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Rare bird species land to roost in Zhanjiang

Updated: 2017-12-01

The Zhanjiang Mangrove National Nature Reserve has increasingly become an ideal habitat for migratory bird species, with 15 spoon-billed sandpipers, five Saunders's gulls and three black-faced spoonbills spotted in the area recently.

Located on the tidal flat of Leizhou Peninsula, the 19,000-hectare nature reserve features a monsoonal and marine-based climate. It is home to 25 kinds of mangrove forest and 139 kinds of bird, of which seven are recognized as rare species under state protection.

Spoon-billed sandpipers are a small wader with a spatulate bill. It was included on the red list of threatened species by the International Union for Conservation of Nature (IUCN) in 2012, due to its rapidly decreasing numbers. As of October 2016, it was estimated that there were only 200 to 400 specimens remaining in the world.

Rare bird species land to roost in Zhanjiang

Spoon-billed sandpipers forage on a beach in Zhanjiang Mangrove National Nature Reserve. [Photo by He Tao/Zhanjiang Evening Post]

At the beginning of 2016, 43 spoon-billed sandpipers were recorded at the Mangrove National Nature Reserve, accounting for almost one tenth of its total population. According to statistics in recent years, Leizhou Bay has become the largest winter habitat for spoon-billed sandpipers with the exception of the Bay of Mottama in Burma and the seaboard of Bangladesh.

Saunders's gulls are a very small species of gull with a black bill and red legs, which have been rated as "vulnerable" by IUCN. The species suffers from a decreasing population due to habitat loss, as it is very dependent on saltmarshes dominated by seepweed. In recent years, several of them have spent the winter in the natural reserve.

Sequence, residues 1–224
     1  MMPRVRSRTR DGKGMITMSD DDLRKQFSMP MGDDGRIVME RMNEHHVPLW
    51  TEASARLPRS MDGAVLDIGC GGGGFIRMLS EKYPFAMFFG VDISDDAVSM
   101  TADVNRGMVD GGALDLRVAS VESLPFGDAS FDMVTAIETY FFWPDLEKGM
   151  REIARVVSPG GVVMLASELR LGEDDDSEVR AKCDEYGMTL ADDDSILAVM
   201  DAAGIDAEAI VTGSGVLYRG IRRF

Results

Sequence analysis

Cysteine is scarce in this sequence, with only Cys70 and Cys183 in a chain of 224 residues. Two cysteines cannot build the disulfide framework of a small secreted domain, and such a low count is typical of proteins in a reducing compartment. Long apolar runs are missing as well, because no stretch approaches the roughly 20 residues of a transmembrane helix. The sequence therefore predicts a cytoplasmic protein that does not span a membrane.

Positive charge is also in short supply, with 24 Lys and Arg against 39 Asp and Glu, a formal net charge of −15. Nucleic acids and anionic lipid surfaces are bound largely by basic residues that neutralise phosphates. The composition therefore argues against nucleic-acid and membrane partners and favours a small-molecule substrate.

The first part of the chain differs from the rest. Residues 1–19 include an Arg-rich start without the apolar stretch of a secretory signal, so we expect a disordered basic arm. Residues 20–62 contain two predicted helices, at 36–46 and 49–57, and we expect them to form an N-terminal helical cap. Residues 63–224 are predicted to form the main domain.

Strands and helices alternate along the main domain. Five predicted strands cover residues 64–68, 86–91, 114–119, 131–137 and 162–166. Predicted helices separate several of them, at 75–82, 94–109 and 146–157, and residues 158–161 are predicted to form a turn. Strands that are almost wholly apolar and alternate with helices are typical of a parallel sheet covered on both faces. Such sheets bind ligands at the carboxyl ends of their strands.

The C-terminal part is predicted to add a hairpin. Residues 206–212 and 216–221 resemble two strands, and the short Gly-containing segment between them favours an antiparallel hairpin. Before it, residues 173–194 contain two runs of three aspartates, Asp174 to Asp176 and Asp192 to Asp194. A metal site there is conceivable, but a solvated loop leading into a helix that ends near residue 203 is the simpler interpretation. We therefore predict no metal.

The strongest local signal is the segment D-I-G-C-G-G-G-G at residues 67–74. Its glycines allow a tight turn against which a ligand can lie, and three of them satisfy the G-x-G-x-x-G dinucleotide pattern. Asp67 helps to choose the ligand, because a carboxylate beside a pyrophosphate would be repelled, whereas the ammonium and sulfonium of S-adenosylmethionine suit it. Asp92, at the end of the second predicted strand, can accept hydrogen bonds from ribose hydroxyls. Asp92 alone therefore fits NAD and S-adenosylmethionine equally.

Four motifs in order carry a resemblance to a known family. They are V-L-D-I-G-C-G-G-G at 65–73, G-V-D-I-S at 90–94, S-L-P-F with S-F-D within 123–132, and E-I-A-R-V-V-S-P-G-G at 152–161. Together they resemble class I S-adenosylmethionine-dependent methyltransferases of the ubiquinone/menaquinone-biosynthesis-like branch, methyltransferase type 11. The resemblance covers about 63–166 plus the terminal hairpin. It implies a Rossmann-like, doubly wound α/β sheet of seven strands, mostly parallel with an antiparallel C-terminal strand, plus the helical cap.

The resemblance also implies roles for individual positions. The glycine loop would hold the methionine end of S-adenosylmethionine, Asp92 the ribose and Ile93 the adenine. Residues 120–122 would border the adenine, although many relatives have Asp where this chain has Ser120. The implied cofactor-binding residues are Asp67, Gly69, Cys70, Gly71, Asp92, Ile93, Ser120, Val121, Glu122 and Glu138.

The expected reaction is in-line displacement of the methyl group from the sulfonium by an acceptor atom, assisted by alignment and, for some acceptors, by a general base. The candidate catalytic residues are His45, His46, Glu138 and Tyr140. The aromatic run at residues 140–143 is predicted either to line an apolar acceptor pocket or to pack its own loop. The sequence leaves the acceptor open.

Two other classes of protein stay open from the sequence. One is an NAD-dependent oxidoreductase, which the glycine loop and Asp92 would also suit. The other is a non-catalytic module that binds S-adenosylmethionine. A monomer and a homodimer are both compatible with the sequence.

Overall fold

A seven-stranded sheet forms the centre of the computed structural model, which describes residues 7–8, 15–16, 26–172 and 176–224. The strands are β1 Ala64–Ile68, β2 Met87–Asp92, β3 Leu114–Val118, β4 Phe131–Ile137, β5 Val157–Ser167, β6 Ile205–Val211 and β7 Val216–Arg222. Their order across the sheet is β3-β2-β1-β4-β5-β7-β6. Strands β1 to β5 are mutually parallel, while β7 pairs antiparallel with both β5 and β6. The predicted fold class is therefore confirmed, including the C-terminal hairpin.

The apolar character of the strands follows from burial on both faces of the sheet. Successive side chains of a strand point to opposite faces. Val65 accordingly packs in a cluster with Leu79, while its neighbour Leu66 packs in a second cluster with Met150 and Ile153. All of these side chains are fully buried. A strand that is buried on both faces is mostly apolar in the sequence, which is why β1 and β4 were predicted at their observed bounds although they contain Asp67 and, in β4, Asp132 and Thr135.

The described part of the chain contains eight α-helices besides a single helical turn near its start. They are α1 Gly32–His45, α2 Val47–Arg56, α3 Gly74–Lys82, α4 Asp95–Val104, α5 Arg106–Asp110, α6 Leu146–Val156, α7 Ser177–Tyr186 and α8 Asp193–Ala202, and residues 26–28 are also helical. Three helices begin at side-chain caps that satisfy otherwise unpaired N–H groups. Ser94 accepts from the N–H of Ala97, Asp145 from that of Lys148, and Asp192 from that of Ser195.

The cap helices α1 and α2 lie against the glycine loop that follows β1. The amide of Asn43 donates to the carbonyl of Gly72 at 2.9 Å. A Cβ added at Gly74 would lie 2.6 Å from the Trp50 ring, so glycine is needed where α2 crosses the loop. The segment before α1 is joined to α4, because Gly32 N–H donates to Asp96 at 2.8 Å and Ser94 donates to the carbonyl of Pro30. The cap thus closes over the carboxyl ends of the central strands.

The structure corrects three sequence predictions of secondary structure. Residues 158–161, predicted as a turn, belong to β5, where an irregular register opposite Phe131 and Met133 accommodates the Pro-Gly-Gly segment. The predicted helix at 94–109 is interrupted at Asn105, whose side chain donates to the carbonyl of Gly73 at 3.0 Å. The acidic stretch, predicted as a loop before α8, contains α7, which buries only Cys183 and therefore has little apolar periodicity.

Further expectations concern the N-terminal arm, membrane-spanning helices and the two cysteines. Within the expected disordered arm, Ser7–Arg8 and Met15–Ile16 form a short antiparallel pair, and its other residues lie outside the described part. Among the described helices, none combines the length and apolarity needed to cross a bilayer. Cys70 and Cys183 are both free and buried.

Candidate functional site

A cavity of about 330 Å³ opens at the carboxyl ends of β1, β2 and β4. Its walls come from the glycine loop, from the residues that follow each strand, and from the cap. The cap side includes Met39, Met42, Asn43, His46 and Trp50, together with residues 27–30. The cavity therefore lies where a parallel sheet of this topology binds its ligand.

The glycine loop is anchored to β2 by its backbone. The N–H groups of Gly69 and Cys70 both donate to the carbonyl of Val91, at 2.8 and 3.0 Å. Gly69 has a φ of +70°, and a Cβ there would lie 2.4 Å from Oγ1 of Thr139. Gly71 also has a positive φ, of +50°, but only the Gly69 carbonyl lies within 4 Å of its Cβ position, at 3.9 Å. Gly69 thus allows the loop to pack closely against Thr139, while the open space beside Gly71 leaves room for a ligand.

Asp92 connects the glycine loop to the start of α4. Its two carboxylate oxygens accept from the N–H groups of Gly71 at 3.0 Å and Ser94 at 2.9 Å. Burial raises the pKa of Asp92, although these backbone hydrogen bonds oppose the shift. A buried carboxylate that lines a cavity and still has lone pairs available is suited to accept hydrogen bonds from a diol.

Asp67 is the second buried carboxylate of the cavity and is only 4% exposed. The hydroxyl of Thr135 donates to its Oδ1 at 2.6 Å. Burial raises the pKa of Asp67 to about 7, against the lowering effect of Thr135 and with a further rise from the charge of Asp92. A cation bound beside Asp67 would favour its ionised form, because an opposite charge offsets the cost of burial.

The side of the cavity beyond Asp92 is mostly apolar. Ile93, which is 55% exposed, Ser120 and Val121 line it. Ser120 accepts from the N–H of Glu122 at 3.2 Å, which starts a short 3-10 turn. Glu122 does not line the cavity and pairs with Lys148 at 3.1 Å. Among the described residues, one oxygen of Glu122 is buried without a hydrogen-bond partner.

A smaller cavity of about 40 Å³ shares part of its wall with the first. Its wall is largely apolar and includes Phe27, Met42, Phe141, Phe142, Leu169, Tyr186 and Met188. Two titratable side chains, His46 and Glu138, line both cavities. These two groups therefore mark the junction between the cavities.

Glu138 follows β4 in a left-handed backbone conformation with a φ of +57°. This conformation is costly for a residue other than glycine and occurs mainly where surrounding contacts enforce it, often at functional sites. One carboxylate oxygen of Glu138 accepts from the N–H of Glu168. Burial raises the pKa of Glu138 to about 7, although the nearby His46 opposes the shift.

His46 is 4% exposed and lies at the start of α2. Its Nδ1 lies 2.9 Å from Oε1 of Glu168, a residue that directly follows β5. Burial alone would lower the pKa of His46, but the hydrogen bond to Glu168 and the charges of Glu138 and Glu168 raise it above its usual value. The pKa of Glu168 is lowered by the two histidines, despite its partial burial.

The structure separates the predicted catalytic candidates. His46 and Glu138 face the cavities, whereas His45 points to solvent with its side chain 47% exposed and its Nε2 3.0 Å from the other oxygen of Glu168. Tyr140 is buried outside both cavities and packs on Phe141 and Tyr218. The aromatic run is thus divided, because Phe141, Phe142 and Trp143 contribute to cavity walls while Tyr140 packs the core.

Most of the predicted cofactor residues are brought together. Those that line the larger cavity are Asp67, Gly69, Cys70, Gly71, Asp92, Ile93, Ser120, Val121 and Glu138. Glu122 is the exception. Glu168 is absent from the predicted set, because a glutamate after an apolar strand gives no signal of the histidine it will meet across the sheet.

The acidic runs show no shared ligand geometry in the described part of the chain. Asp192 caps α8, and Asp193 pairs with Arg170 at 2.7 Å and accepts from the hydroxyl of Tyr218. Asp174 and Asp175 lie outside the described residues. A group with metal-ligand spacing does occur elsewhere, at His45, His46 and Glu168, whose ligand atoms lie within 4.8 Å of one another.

Rare bird species land to roost in Zhanjiang

A Saunders's gull takes a stroll with a stick in its beak. [Photo by He Tao/Zhanjiang Evening Post]

Black-faced spoonbills were classified as an endangered species by IUCN in 2000, because of its very small population. It is expected to undergo a continuing decline in the near future owing to industrial development, land reclamation, and pollution.

Rare bird species land to roost in Zhanjiang

A couple of black-faced spoonbills search for food. [Photo by He Tao/Zhanjiang Evening Post]

The appearance of the endangered birds is a "barometer" of the ecological environment. As more and more such species are found in Zhanjiang, the city will conduct specific investigations and ramp up cooperation with international organizations to create a better environment for them.

 

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